Long Island’s history and culture are so connected to its shellfish that the first people to live on New York’s coast called it the “Island of Shells”. Jutting into the Atlantic from New York Harbor, the island draws residents and visitors alike to its beaches, fishing and famously good clams and oysters. Equally famous, however, is the impact six years ago of Hurricane Sandy, which caused billions of dollars’ worth of damage across the Eastern Seaboard. Part of the problem was the gradual disappearance of the wetlands that used to defend the island from storm surges caused by hurricanes. Now, a new project has been set up that aims to strengthen and renew this natural protective barrier. “The marshland has been degrading to a point at which this part of Long Island is very vulnerable,” says Hempstead Town Supervisor Laura Gillen, who launched a “living shores” project this summer in collaboration with local environmentalists. They’re using thousands of discarded shells from restaurants around Long Beach – and from this month’s Oyster Festival at aptly named Oyster Bay – to protect a small barrier island from further erosion. This in turn will protect densely populated areas and major roads from flooding. “With this living reef project, we are dramatically improving coastal resiliency,” says Gillen.
Work started this July, when volunteers and council workers helped to pack tens of thousands of discarded shells (collected from a dozen or so restaurants over the course of two years) into mesh bags, and submerged them in the waterway. Experts from the town’s Department of Conservation and Waterways will then place oyster and clam seedlings onto the shucked shells in the mesh bags to mature. “As the oysters grow, the reef expands and provides a habitat for other marine life,” explains Fricchione. Each oyster can filter about 200 litres of seawater a day, so they’ll help clean up years of pollution that contributed to the coastal erosion in the first place. Since the project took off, many more restaurants have been applying to join in. “They see it as win-win,” says Michael Fricchione, Hempstead Town’s press secretary, “because they can get rid of their discarded shells without them going into landfill, and the town picks them up for free so they don’t have to worry about transporting them.” The hope is that, over time, the living reef will integrate with existing islands and eventually give a mile’s worth of coastal protection – as well as more oysters for restaurants and festivals for years to come.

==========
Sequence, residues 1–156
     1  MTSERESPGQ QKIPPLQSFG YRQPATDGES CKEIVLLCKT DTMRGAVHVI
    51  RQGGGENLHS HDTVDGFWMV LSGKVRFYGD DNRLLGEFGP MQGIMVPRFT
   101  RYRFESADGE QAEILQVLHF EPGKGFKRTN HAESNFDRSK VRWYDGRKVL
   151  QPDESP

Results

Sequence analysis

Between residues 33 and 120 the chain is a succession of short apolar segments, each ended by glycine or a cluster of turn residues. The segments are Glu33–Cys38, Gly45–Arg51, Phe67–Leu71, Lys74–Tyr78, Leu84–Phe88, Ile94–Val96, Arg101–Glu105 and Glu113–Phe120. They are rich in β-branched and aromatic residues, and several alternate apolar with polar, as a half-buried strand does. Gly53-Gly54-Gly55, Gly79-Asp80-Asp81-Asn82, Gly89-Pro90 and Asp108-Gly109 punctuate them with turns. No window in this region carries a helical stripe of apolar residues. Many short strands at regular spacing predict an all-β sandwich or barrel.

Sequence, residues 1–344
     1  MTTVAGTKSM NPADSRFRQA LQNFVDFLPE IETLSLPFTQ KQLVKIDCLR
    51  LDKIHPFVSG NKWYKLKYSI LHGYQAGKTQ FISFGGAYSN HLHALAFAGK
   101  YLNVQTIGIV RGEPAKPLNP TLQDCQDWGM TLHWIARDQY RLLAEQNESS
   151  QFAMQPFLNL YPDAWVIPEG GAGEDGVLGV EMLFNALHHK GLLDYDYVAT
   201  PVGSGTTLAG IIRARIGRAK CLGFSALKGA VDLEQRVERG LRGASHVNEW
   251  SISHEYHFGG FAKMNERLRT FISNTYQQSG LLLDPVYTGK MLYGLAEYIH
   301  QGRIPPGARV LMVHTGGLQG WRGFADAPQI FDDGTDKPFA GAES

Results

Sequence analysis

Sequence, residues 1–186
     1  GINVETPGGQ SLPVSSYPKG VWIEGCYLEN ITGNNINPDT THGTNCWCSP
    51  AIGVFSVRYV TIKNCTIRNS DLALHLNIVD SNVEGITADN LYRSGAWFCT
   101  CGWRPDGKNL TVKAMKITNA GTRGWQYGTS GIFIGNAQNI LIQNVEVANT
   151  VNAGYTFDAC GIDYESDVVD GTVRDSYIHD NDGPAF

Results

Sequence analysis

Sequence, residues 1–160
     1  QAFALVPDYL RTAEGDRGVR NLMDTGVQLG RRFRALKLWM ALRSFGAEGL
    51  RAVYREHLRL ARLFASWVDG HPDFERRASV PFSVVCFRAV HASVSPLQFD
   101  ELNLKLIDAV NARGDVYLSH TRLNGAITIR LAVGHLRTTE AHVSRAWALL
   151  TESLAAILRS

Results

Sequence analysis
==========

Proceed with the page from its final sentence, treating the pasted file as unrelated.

Written by Celia Woolfrey Celia Woolfrey.